There were two orchards opposite the Church of England, Jackson’s and Nash’s, now Walker’s Bush. It was bounded by Majors Bay Road, Correys Avenue and Concord Road. There were about 1,000 acres of it and there were all sorts of birds, a lot of ‘possums and bandicoots and snakes. There was a cottage on the corner of Correys Avenue near the Hygienic Dairy. A family named Shackleton lived in it. Later the police took it over for a horse paddock. Mr. Merrit was the manager. When the golf club bought it the police moved down Concord Road near the hospital.

Back to Hillcrest! In addition to Boulton’s Dairy there was a dairy in Flavelle Street owned by Fred Myers. Next door was an orchard and vineyard owned by Mr. Knight, and next door to that was a Roman Catholic Cemetery.

This is a description of that part of Concord as I remember it seventy years ago.

I would like to take you along Concord Road and describe what it was like 70 years ago. It terminated at Parramatta Road. The corner was just referred to as “the corner of the road”. Where it crosses Parramatta Road towards Strathfield it was called “Murphy’s Paddock”. There was a house on the corner owned by Mr. McDonald.

On the corner of Alexander Street was a cottage owned by Mrs. Love. Alexander Street was called Cole’s Lane. Where Edward Street is was McDonald’s Cow Paddock. From there was bush to Patterson Street. Mr. Money later built a house on the site where the Wesley Church is now.

Paterson Street was known as Paterson’s Lane. On the next corner was a small orchard owned by Dr. Hanson. He lived in a cottage joining the orchard. That old two-storey house that stands next door was owned by Mr. Oatley. Next door was a very nice house named “Alton” owned by Mr. George Bray.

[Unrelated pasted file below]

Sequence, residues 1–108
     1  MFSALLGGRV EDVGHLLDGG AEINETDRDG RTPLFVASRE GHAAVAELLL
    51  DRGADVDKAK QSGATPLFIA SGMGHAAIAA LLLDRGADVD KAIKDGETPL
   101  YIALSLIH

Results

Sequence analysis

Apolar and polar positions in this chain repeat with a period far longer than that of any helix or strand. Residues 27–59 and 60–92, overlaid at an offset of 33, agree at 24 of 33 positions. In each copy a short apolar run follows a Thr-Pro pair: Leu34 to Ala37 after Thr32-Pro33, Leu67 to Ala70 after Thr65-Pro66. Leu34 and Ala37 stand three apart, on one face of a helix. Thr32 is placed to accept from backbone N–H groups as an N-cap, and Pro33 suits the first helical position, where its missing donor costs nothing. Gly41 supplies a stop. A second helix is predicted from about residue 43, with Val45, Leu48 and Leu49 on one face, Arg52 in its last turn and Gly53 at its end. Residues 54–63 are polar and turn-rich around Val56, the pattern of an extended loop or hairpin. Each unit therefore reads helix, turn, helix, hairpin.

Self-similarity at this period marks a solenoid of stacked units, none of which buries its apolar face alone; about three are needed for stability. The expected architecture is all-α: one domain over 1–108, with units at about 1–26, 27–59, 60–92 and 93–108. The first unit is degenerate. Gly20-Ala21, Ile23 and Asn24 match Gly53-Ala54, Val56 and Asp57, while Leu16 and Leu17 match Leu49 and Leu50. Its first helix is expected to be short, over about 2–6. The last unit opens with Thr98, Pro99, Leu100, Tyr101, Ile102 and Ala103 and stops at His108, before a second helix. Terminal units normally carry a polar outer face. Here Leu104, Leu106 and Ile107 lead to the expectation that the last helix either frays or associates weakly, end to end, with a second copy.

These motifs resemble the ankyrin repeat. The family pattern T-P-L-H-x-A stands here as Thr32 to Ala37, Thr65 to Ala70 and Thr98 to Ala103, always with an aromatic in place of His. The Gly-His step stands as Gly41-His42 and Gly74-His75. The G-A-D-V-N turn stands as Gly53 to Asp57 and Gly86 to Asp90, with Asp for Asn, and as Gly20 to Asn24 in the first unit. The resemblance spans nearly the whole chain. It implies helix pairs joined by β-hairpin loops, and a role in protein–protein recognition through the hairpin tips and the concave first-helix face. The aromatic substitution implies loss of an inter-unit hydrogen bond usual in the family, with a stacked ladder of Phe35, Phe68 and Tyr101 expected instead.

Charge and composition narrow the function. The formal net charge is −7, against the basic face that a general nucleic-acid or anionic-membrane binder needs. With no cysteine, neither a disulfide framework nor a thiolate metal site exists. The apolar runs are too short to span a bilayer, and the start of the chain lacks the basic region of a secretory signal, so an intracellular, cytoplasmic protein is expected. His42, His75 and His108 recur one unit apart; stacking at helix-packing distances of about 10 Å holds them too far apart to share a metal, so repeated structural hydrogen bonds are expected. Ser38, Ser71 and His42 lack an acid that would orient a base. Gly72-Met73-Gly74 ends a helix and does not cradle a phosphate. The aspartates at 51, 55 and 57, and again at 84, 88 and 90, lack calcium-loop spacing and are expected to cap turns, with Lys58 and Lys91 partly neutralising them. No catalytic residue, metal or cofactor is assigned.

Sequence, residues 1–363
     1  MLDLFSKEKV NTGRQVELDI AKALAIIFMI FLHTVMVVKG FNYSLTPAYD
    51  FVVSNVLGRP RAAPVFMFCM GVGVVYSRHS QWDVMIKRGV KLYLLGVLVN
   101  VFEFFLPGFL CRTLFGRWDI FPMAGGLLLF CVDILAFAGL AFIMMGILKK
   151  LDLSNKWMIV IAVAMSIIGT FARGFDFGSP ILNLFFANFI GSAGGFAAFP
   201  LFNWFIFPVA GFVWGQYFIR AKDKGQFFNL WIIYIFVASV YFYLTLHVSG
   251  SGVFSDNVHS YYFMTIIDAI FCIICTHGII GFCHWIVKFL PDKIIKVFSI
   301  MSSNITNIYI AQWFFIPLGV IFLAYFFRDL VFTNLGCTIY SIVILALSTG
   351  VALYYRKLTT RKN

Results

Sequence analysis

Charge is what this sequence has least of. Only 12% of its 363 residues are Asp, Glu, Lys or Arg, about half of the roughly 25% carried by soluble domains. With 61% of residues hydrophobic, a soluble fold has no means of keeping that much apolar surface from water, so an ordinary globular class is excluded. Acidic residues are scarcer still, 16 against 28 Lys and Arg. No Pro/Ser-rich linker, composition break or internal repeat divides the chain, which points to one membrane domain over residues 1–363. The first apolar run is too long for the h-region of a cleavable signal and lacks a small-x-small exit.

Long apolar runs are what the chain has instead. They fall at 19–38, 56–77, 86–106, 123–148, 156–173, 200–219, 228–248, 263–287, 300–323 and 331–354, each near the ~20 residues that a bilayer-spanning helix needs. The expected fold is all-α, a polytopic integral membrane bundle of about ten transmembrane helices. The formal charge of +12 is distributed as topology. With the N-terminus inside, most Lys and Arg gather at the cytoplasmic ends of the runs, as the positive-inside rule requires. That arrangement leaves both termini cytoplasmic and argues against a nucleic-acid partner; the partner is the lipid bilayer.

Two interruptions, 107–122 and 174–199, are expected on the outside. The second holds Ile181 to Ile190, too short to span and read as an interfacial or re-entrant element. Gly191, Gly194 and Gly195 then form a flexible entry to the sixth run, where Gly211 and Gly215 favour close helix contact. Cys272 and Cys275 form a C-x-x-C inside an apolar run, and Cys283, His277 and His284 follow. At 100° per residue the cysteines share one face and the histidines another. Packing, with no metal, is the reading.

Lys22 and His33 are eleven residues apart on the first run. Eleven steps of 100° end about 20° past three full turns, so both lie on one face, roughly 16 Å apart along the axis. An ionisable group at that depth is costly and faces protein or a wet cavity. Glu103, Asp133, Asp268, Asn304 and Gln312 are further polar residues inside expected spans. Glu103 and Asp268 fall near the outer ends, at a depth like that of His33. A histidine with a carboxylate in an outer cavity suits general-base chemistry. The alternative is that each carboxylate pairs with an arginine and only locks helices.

From there to Wellbank Street was thick bush. Wellbank Street was known as Flavelle’s Lane. Behind the shops at North Strathfield is a large house called “Belmont”, owned by Mr. Henry Bray.

Then to Correys Avenue. It was called Ward’s Lane. A family named Ward had a market garden on the corner of Flavelle Street. This is where Walker’s Bush started. The hill a little further down was called Dumer’s Hill. In wet weather the road used to get so bad that the traffic had to use the footpath so the Council put in two posts every 100 yards to keep the traffic in the middle of the road.

When it rained heavily, the water washed the water-table away so they put ti-tree poles in them to stop the wash.

Correys Avenue was the last road leading off Concord Road.

At the bottom of the hill the area was called Kelley’s Hollow. There was a wooden culvert over Kelley’s Creek. As far up as about Myall Street was a white picket fence up past The Drive. This was later replaced by a brick and iron fence. It started about Mepunga Street, up past The Drive to Coonong Road. At The Drive there was the gate-keeper’s cottage called “The Lodge”. The house is still there.